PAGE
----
Stocks finished on a mixed note after computer-driven buy programs erased a 17-point decline in the Dow Jones industrial average. The Dow rose 0.28 point to 3,455.92.
* The yield on the Treasury's bellwether long bond sank to another record low in light trading marked by sharp price gyrations.
Wall Street continued with its basic 1993 theme: Consumer stocks are out, industrial stocks are in.
Retail issues fell for a second day, as traders reacted to prospects for a so-called national sales tax.
Meanwhile, many major industrial names shot higher, helped by surprisingly good first-quarter earnings from key companies.
Overall, however, the broad market was lower, despite the late computerized-buying activity. Declining issues edged out advancers on the New York Stock Exchange, as Big Board volume totaled 259.5 million shares.
"There's a dichotomy that's been going on all week," said George Pirrone, senior trader at Dreyfus Corp. "The Dow Jones industrials continue to find their way higher, but right below the averages, there's a significant amount of deterioration. Somewhere along the line, something's got to give."
Analysts and traders are becoming increasingly worried that stocks have become too pricey, and that at least a mild correction--to about 3,100 on the Dow--is in the offing.
That decline could be led by the same consumer stocks that have already weakened substantially this year, some experts say.
Among Thursday's highlights:
* The prospect of a national sales tax hurt retailers, many of which were hit on Wednesday when premier discounter Wal-Mart warned of slowing sales growth this year.
Wal-Mart, down 1 3/4 on Wednesday, inched up 3/8 to 27 5/8. But most other retailers were lower for a second day. May Department Stores dropped 2 1/2 to 73 1/4, Sears lost 1 1/4 to 52 5/8, Woolworth fell 3/4 to 29 7/8, Gap sank 1 5/8 to 28 3/4, Toys R Us gave up 1 1/4 to 38 1/4, and Ross Stores was off 7/8 to 16 3/8.
* Many other consumer issues also weakened. Campbell Soup fell 1 to 38 3/4, General Mills lost 1 to 66 3/4, Schering-Plough gave up 1 to 58 3/4, and Johnson & Johnson eased 1/2 to 38 3/4. Also, Gillette tumbled 2 to 54 after reporting a 10% quarterly gain in operating earnings, but on flat sales.
* The market's strength was in industrial issues. Lumber stocks advanced, for example, after Georgia-Pacific and Weyerhaeuser both reported surprisingly strong first-quarter earnings. G-P jumped 3 5/8 to 65 3/4, and Weyerhaeuser leaped 1 3/4 to 45 1/2.
Other industrials up on good earnings included aerospace firm Sundstrand, up 2 1/2 to 41 1/4; paint and glass giant PPG Industries, up 4 1/4 to 73 1/2, and parts distributor W. W. Grainger, up 1 7/8 to 61 3/4.
* Technology stocks were broadly lower. Microsoft fell 1 7/8 to 87 1/8 after posting quarterly earnings on target with estimates.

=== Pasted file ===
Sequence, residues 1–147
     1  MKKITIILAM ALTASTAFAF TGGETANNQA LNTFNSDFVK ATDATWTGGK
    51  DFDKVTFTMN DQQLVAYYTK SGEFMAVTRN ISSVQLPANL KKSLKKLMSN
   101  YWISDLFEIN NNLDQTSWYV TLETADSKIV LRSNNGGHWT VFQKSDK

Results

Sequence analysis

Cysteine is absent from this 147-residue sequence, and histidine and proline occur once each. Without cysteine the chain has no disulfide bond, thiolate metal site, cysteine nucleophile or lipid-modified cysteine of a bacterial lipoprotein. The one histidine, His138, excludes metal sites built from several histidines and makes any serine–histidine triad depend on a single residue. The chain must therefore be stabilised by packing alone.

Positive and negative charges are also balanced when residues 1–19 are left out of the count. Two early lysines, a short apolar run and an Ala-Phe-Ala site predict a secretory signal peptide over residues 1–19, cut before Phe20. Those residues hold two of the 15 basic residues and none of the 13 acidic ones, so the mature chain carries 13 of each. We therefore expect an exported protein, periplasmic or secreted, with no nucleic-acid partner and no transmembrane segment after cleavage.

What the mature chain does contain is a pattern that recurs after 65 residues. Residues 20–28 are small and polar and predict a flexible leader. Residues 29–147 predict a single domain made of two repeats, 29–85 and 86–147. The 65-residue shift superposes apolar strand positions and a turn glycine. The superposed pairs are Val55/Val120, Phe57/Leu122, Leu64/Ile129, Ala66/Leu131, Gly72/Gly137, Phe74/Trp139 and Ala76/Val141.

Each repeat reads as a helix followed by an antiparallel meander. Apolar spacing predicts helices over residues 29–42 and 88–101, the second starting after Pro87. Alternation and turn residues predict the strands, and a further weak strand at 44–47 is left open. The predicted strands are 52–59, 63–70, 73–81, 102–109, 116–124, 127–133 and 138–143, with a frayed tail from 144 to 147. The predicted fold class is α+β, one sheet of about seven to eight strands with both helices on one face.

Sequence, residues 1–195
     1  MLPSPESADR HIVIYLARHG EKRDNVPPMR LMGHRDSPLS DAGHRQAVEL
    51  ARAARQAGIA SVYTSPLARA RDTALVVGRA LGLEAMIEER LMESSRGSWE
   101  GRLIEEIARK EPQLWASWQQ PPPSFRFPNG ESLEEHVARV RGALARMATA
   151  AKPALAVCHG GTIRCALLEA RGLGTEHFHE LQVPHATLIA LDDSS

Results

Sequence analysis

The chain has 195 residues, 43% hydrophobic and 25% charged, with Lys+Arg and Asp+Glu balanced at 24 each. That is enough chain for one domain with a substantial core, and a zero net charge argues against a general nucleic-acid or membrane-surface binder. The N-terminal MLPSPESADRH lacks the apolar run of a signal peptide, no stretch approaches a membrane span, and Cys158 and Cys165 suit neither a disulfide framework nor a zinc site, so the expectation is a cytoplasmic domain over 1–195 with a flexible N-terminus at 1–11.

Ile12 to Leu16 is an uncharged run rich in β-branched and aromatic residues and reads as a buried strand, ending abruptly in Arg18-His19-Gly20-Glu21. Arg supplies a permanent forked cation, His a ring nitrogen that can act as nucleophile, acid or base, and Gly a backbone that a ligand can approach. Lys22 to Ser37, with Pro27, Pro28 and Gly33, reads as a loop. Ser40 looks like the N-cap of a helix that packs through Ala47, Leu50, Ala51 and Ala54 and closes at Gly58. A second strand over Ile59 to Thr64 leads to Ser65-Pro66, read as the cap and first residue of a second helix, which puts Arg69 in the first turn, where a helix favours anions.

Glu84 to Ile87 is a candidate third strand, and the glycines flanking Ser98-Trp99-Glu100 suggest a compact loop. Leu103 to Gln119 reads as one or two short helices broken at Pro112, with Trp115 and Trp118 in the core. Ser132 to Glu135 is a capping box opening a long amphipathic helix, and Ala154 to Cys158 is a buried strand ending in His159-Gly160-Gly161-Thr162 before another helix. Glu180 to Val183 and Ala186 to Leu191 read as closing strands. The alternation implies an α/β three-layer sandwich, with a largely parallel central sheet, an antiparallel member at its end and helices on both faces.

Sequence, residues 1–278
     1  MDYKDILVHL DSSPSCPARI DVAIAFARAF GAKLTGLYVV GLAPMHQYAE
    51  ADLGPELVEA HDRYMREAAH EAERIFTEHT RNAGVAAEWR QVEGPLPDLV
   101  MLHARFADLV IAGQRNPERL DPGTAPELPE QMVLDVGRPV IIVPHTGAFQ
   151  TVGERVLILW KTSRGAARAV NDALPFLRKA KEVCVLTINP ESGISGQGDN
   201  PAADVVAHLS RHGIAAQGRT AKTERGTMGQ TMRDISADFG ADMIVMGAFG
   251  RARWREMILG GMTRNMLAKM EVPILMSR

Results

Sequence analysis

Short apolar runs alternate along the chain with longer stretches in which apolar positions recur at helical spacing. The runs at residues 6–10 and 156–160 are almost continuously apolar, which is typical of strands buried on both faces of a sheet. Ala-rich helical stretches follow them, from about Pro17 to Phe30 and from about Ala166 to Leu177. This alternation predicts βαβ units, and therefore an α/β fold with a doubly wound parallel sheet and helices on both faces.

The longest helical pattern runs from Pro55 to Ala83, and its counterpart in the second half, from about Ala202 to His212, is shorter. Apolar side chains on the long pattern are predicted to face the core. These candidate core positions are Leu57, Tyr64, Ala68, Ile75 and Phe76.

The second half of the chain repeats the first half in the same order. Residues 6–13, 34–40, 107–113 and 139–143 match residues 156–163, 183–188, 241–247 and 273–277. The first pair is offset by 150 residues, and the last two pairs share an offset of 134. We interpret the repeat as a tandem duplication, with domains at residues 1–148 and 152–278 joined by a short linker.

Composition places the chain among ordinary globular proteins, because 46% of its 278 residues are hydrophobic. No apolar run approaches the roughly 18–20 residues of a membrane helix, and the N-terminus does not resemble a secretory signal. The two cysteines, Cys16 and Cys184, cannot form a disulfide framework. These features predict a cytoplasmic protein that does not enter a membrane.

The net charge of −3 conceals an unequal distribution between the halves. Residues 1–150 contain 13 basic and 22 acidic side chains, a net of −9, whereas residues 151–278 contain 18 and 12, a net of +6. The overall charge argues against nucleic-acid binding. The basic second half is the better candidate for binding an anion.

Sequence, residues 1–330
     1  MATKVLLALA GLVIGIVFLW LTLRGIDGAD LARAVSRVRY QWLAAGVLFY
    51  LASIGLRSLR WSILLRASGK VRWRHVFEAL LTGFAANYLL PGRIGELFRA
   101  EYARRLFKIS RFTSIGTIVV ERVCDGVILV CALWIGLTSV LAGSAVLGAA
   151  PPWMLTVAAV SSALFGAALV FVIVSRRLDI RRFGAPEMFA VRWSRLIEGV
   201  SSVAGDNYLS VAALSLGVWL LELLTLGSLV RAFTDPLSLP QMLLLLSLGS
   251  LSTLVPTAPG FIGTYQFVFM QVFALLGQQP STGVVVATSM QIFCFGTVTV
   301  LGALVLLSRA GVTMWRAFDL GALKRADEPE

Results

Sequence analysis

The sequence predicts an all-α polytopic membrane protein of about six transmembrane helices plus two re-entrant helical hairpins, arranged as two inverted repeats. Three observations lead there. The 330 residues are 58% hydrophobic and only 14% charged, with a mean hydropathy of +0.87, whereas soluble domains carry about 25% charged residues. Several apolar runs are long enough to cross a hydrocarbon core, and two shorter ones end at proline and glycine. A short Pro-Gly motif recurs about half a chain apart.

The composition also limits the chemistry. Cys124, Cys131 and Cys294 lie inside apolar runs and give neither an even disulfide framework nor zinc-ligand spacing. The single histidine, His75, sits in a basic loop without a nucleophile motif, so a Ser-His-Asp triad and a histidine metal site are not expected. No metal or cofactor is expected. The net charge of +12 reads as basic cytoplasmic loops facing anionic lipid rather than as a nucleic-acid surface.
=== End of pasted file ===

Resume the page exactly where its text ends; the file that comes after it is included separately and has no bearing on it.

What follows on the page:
* Among brokerage issues, Charles Schwab sank 3 1/8 to 35 1/8 despite reporting quarterly earnings up 20%. But Jefferies Group added 1 to 29 3/4 after reporting a 10% rise in operating earnings.
* Among Southland issues, SCEcorp added 3/8 to 48 1/2 after the parent of Southern California Edison reported earnings and declared a 2-for-1 stock split, effective June 1. Also, Pacific Enterprises, parent of Southern California Gas, inched up 1/8 to 24 3/8 after Standard & Poor's revised Pacific's credit outlook to positive from stable.
Overseas, London's FTSE-100 stock index lost 2.4 points to 2,839.7. In Frankfurt, the DAX index added 2.77 points to 1,675.21.
In Tokyo, the Nikkei average rose 142.46 points to 20,675.84.
Long-term bond yields sank to new modern lows as sentiment for lower interest rates overwhelmed an upbeat economic report.
The yield on the Treasury's 30-year bond dove to 6.71% from 6.75% Wednesday. The new yield was the lowest since the Treasury began regular auctions of 30-year bonds in 1977, and surpassed the prior low of 6.72% early in March.
Interest rates have been falling across the board in recent weeks, as investors have recovered from a March inflation scare. With recent government reports pointing to a slowing economy, expectations are rising that the Federal Reserve may be forced to lower interest rates again.
Thursday, news that initial claims for jobless benefits fell by 38,000 last week, the biggest drop in more than eight months, failed to encourage optimism about the economy in the bond market.
Still, some traders warned that activity has been light in recent days, which could make the latest decline in long rates suspect.
Precious metal prices fell back as a stronger dollar prompted selling, wiping out most of the sharp gains posted a day earlier on worries about unrest in South Africa.
On New York's Commodity Exchange, gold for April delivery fell $2.50 to $337.20 an ounce, and May silver tumbled 6.7 cents to $3.88.
On the New York Merc, July platinum eased $1.20 to $368.10 an ounce.
Also on the Merc, light, sweet crude oil for May delivery fell 18 cents to $20.22 a barrel.
In foreign exchange markets, the dollar moved higher against the German mark but weakened anew against the Japanese yen.
After two days of losses, the yen flirted with all-time highs against the dollar on renewed speculation that the Japanese government favors a stronger currency to help whittle down the nation's trade surplus with the United States.
In New York, the dollar was worth 113.10 yen at the close, down from Wednesday's 113.88. But the dollar rose to 1.606 German marks from 1.594.
Market Roundup, D6